The addition of nuance here – there is far more to contemporary restructure than prison, punishment, and revanchism - is important. But I think there is something more here that has to do with a certain re-stratification, or re-racialization process that needs to be further explored, in regulatory terms. Stenson ultimately argues that we are seeing a “dominant neo-liberal approach to economic policy (that) has allowed a rapid, Darwinian form of economic growth, with minimal help from central government or the EU, for losers in the game” (Stenson 2008, page 11). In this case, this is because the otherwise affluent region fails to qualify for the types of funding necessary for our more punitive forms of policing that emerge in the contradictory advance of neoliberalism. Rather, and quite significantly, a more progressive form of policing prevails that is perhaps fortuitously “sculpted from financial necessity”.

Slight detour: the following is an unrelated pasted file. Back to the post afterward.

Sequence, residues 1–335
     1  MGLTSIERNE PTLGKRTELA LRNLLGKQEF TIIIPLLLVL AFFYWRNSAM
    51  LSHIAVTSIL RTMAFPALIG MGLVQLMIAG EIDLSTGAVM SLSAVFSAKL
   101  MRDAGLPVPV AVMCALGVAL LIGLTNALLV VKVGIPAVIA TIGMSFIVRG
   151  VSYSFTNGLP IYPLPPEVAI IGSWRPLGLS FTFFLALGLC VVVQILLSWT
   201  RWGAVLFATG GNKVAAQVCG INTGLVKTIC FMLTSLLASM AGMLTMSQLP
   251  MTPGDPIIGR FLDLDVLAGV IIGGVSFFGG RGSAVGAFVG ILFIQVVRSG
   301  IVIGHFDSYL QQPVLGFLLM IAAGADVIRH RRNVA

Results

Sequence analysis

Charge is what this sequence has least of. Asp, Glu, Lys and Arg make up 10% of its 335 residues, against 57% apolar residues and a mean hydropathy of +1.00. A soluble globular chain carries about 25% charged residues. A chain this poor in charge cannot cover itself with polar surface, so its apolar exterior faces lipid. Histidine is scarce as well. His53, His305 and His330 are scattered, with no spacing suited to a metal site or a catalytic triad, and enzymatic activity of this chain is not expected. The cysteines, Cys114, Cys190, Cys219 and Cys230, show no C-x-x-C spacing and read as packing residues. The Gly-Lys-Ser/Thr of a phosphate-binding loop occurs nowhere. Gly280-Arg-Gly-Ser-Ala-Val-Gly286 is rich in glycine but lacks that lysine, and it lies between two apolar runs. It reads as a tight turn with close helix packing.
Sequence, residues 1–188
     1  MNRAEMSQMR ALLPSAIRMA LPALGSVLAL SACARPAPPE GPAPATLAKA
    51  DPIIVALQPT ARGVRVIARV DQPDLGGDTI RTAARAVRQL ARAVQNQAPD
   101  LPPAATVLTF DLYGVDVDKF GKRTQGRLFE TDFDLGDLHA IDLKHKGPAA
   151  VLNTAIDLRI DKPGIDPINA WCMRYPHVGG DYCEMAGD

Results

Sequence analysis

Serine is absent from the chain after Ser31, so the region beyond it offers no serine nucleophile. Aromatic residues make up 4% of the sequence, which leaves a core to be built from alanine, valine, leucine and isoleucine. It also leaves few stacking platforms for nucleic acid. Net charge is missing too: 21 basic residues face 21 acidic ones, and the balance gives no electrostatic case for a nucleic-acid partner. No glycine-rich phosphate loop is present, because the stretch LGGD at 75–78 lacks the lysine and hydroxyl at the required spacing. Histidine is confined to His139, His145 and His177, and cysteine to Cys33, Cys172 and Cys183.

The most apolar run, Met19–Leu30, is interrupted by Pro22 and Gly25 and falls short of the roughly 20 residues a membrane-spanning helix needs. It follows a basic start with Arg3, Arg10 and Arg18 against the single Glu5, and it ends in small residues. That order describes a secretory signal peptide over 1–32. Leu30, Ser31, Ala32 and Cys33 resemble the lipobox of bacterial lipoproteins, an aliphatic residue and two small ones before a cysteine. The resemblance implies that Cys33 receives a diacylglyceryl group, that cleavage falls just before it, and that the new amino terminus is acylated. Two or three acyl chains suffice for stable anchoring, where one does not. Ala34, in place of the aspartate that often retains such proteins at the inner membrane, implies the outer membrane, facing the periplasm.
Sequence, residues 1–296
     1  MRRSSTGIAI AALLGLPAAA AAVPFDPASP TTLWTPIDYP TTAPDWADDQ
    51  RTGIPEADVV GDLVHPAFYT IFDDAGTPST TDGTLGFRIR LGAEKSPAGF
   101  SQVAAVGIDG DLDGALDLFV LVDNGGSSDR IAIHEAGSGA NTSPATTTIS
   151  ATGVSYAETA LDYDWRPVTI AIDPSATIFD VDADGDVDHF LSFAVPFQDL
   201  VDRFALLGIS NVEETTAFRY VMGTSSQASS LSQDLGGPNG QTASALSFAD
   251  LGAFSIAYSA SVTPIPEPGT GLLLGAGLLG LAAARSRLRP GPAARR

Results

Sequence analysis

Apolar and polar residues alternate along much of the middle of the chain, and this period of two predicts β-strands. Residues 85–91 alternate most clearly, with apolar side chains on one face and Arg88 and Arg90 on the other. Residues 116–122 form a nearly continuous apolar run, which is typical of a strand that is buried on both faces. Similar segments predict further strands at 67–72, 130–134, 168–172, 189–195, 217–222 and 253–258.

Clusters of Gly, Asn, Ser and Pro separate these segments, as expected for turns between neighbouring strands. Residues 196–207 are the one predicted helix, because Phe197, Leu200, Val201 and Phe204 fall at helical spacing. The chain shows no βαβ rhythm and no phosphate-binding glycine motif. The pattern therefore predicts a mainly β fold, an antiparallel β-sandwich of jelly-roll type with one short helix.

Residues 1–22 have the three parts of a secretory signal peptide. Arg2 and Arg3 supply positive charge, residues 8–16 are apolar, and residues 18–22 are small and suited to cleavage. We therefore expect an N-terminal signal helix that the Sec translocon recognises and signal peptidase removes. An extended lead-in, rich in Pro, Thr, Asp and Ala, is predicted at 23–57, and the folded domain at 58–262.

But these processes are far from Darwinian, just as Polanyi showed with his timeless argument that “laissez faire was planned.” Older political questions of “who gets what and how” are still vitally important in this context. The affluent and the middle class in this case get “soft tactics” out of “financial necessity,” while the poor, or the “losers” as it were, get “minimal help.” But I would argue that it is important to expound more forcefully on the “help” that losers and winners do receive: in this case deregulated/low wage service sector jobs, a decidedly unprogressive form of policing, prison, and other experiences associated with the workfare offensive for the former; and progressive police tactics for the latter. These are social processes related to race and class that illustrate the ways in which market liberalism continues to rely on the making and remaking of social stratification. Certainly Stenson does not shy away from these processes, but the institutional mechanisms by which they are facilitated are underdeveloped in the analysis. As Ananya Roy contends, disembedding security entails a remapping of risk. This is hard work, the intricacies of which could be more clearly elucidated here.